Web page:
The Florida Supreme Court recently amended Florida Rule of Civil Procedure 1.510 (Summary Judgment), adopting the less restrictive federal summary judgment standard as articulated by the United States Supreme Court in Celotex Corp. v. Catrett, 477 U.S. 317 (1986), Anderson v. Liberty Lobby, Inc., 477 U.S. 242 (1986), and Matsushita Elec. Indus. Co. v. Zenith Radio Corp., 475 U.S. 574 (1986).  Summary judgement is the procedural mechanism whereby lawsuits may be disposed of prior to a trial if the judge determines that, based on the uncontested material facts in the case, there is no way for the nonmoving party to win.  The amended Rule 1.510 will apply to any summary judgment motion decided on, or after, May 1, 2021, including in pending cases.  See In re Amends. to Fla. R. Civ. P. 1.510, No. SC20-1490, 309 So. 3d 192 (Fla. Dec. 31, 2020).

In its decision to amend Rule 1.510, the Florida Supreme Court noted key distinctions between the existing federal and Florida jurisprudence with regard to summary judgment motions. First, federal courts have long applied a far narrower definition to the term “genuine issue of material fact.” When determining whether a genuine issue of material fact exists, federal courts ask whether “the evidence is such that a reasonable jury could return a verdict for the nonmoving party.”  In re Amends. to Fla. R. Civ. P. 1.510, 309 So. 3d at 193 (internal quotations omitted).  Florida courts, on the other hand, have historically denied summary judgment where any competent evidence creates an issue of fact, no matter how “credible or incredible, substantial or trivial,” so long as “the slightest doubt is raised.”  Id.  As a result, the vast majority of Florida state court summary judgment motions are denied, and Florida litigants are routinely forced to spend significant time and resources litigating and trying incredibly weak cases (or entering into large settlements).  This chain of events is far less common under the federal summary judgment standard, which attempts to nip meritless lawsuits in the bud. Taking all of this into account, the Florida Supreme Court explained that its objectives in adopting the federal standard are “to improve the fairness and efficiency of Florida’s civil justice system, to relieve parties from the expense and burdens of meritless litigation, and to save the work of juries for cases where there are real factual disputes that need resolution.”  Id. at 194.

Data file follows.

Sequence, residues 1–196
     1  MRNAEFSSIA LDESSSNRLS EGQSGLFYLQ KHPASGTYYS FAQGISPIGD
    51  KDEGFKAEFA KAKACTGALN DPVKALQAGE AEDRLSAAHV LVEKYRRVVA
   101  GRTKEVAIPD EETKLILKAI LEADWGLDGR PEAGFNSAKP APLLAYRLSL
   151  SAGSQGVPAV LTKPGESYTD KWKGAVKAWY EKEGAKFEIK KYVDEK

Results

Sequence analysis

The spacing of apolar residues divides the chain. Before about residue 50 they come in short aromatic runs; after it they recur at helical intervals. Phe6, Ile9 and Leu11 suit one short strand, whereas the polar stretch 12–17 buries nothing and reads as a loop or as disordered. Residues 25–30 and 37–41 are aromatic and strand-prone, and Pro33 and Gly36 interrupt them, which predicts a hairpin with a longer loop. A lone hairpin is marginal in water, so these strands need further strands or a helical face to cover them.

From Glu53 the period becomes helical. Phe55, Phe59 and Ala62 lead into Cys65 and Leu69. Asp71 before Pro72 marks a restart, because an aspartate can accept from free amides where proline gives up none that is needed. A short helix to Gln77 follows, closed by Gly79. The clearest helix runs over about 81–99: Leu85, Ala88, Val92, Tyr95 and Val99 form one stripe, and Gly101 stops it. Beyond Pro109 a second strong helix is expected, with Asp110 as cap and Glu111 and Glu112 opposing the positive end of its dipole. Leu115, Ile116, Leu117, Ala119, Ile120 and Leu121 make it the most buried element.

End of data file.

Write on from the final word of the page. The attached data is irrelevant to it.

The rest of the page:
For many state court practitioners and their clients, the new Florida standard is a positive change. From an employment litigation defense perspective, the change will afford a greater opportunity to dispose of certain cases early on and will reduce the pressure on defendants to pay large settlements to avoid the costs of defending weak cases through trial.

If you have any questions regarding the new Florida summary judgment standards, or any other employment law questions, please do not hesitate to contact Jackson Lewis.